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The Language of Art
UMD students explore art and design in Denmark and Sweden.
Tony Reamer is in the center of a language maelstrom. He's a senior studio art major on his first visit to Denmark and Sweden and is surrounded by hundreds of people from different countries. "The majority of people we've met speak English, but at very diverse levels of fluency," he says.
"At the skate parks I visited and on the streets, I was most impressed with people's ability to communicate in a non-verbal manner with me and I with them."
Art and design is the topic of the program but living in a diverse world is the biggest lesson. "In the museums, we stand alongside people speaking all kinds of languages, from Chinese to French to Arabic. Somehow the art speaks to us all, and we find ourselves, as one, delighted by bright colors or delighted by unexpected movement.
"At the end of the day, we all long for connection with one another despite language, age, or social barriers. In many ways, we are all constantly speaking the same language with our body language, verbal signals, and how we actually speak what we are trying to say," Tony observes.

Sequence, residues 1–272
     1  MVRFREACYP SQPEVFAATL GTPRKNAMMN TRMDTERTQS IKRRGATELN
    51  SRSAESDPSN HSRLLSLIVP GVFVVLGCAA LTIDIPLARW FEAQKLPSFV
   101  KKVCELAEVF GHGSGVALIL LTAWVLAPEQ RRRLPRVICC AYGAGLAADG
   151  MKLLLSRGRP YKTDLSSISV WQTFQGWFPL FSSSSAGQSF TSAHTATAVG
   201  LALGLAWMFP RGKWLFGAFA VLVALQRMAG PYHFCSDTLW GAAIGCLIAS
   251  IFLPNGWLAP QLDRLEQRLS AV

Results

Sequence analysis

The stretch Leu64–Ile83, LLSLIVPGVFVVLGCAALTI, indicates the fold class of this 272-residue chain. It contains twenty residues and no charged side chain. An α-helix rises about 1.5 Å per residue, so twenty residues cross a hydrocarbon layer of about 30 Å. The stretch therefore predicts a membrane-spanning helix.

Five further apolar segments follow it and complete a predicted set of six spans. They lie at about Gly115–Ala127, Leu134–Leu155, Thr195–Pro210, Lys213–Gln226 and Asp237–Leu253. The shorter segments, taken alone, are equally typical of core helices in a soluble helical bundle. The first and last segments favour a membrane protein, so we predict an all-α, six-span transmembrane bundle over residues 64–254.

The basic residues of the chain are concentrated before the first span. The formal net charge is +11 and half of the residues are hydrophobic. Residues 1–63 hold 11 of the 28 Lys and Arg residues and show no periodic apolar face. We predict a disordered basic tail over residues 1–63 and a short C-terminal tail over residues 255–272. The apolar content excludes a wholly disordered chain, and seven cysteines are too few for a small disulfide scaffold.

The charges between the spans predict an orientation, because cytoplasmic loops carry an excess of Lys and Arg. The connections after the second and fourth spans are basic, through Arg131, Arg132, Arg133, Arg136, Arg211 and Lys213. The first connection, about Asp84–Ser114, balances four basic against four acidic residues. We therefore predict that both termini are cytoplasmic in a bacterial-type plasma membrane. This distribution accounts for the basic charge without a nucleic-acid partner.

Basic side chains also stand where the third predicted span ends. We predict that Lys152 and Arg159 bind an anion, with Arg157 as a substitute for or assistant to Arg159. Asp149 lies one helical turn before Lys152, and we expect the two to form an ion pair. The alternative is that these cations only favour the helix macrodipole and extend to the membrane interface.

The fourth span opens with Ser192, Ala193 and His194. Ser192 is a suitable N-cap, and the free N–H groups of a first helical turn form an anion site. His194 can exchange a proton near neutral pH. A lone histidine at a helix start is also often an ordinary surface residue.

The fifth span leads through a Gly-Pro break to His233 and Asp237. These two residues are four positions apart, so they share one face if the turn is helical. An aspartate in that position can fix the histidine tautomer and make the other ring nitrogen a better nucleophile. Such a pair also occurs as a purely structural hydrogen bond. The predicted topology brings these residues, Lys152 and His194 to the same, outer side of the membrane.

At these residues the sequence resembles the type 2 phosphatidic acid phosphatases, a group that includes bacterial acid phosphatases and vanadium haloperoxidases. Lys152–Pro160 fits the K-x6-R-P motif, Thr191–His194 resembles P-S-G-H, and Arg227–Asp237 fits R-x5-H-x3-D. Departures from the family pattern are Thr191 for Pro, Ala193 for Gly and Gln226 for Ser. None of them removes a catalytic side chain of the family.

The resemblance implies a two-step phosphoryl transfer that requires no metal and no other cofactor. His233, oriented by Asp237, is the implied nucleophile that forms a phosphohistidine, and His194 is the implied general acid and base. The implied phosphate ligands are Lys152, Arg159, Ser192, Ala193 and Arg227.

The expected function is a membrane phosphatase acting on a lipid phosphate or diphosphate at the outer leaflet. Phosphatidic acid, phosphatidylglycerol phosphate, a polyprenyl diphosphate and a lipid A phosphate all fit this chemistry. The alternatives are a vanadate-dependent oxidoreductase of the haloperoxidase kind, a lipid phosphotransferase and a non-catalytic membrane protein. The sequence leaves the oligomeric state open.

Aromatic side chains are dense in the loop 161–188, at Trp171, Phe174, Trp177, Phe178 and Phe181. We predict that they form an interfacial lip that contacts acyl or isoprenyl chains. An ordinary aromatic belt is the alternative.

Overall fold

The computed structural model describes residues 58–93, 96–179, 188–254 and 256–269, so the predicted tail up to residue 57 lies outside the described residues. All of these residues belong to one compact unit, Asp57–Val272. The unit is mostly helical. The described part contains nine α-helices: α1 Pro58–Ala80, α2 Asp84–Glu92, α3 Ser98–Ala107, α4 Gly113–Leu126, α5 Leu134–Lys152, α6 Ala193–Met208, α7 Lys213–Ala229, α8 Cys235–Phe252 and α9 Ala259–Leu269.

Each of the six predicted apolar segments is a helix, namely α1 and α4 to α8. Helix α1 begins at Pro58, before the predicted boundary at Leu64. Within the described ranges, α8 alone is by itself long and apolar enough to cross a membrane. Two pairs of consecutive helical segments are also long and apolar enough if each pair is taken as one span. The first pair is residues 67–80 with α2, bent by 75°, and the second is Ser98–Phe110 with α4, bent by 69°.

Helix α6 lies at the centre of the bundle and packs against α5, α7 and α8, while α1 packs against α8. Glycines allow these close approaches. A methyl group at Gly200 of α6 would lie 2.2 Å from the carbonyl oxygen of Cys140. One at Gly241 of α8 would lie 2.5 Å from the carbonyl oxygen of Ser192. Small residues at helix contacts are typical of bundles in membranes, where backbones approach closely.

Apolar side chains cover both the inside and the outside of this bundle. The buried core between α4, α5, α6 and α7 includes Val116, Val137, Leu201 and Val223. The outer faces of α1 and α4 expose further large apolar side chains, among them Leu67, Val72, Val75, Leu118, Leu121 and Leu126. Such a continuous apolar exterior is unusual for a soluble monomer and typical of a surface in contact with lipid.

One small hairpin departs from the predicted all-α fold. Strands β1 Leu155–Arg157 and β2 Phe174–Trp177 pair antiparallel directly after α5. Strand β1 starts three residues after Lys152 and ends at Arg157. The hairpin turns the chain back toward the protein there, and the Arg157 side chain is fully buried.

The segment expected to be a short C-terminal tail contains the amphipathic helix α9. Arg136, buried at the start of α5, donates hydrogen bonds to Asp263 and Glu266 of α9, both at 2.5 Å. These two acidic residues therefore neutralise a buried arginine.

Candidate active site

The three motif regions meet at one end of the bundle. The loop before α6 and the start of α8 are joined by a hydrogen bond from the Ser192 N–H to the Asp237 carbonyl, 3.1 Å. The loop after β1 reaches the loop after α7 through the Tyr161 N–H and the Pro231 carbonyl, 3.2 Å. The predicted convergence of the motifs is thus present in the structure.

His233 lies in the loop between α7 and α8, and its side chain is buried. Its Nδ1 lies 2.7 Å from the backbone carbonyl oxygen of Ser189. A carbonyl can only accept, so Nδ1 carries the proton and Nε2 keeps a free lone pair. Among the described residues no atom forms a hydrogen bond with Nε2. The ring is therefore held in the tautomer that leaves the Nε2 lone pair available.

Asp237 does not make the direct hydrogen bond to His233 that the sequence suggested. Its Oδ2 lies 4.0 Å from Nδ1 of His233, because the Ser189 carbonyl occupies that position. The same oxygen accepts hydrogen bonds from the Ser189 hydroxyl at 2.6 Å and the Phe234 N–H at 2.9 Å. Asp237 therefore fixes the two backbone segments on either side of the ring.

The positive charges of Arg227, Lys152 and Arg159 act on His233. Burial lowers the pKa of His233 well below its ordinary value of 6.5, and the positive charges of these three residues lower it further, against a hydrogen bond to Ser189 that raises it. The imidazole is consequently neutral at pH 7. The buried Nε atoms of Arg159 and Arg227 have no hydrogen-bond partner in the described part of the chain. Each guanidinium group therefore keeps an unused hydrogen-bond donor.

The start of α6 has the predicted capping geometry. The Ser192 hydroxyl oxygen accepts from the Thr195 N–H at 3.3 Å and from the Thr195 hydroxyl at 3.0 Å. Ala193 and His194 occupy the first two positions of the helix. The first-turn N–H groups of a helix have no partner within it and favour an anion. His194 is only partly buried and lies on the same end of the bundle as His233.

Twelve students are joining program leaders, School of Fine Arts Professor Alison Aune and UMD writer Cheryl Reitan. They are adding photos and stories to the website every day. Read their reflections on the Swedish handwork called hemslöjd, sustainability, the Louisiana Museum of Modern Art in Denmark, and more.
In Falun, Sweden, a folk artist reflected, "All the over the world, folk patterns are speaking the same language." The group agreed that folk patterns, art, and design bring the world together.
In addition to Tony, the UMD students are: Ashley Antus, Amy Bendtsen, Tanner Frondell, Gianna Jubie, Alyssa Larsen, Aaron Lind, Sara Minder, Morgan Muehlbauer, Olivia Ridlon, Karley (Nyhus) Schoenberg, and Claire Weyrauch.
Learn more about the UMD Department of Art
Art work above by Tony Reamer